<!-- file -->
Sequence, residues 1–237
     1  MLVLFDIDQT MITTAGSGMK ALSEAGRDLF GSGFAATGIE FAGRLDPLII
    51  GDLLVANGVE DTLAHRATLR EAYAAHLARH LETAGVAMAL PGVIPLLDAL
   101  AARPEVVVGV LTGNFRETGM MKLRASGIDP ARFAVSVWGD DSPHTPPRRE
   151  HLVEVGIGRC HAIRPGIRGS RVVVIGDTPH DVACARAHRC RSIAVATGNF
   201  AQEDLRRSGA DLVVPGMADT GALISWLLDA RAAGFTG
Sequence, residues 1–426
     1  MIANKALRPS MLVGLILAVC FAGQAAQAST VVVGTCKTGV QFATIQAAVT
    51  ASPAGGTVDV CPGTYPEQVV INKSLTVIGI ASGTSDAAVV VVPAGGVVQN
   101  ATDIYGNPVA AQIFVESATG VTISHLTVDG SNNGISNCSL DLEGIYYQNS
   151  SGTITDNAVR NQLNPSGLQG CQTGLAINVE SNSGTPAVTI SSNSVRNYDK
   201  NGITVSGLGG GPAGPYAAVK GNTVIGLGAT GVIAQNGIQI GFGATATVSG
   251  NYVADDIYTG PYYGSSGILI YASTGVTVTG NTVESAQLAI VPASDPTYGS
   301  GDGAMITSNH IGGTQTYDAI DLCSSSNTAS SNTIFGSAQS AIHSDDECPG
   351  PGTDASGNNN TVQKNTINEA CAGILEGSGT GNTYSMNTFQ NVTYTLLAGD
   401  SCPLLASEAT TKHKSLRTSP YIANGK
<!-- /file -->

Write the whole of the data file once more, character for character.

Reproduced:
Sequence, residues 1–237
     1  MLVLFDIDQT MITTAGSGMK ALSEAGRDLF GSGFAATGIE FAGRLDPLII
    51  GDLLVANGVE DTLAHRATLR EAYAAHLARH LETAGVAMAL PGVIPLLDAL
   101  AARPEVVVGV LTGNFRETGM MKLRASGIDP ARFAVSVWGD DSPHTPPRRE
   151  HLVEVGIGRC HAIRPGIRGS RVVVIGDTPH DVACARAHRC RSIAVATGNF
   201  AQEDLRRSGA DLVVPGMADT GALISWLLDA RAAGFTG
Sequence, residues 1–426
     1  MIANKALRPS MLVGLILAVC FAGQAAQAST VVVGTCKTGV QFATIQAAVT
    51  ASPAGGTVDV CPGTYPEQVV INKSLTVIGI ASGTSDAAVV VVPAGGVVQN
   101  ATDIYGNPVA AQIFVESATG VTISHLTVDG SNNGISNCSL DLEGIYYQNS
   151  SGTITDNAVR NQLNPSGLQG CQTGLAINVE SNSGTPAVTI SSNSVRNYDK
   201  NGITVSGLGG GPAGPYAAVK GNTVIGLGAT GVIAQNGIQI GFGATATVSG
   251  NYVADDIYTG PYYGSSGILI YASTGVTVTG NTVESAQLAI VPASDPTYGS
   301  GDGAMITSNH IGGTQTYDAI DLCSSSNTAS SNTIFGSAQS AIHSDDECPG
   351  PGTDASGNNN TVQKNTINEA CAGILEGSGT GNTYSMNTFQ NVTYTLLAGD
   401  SCPLLASEAT TKHKSLRTSP YIANGK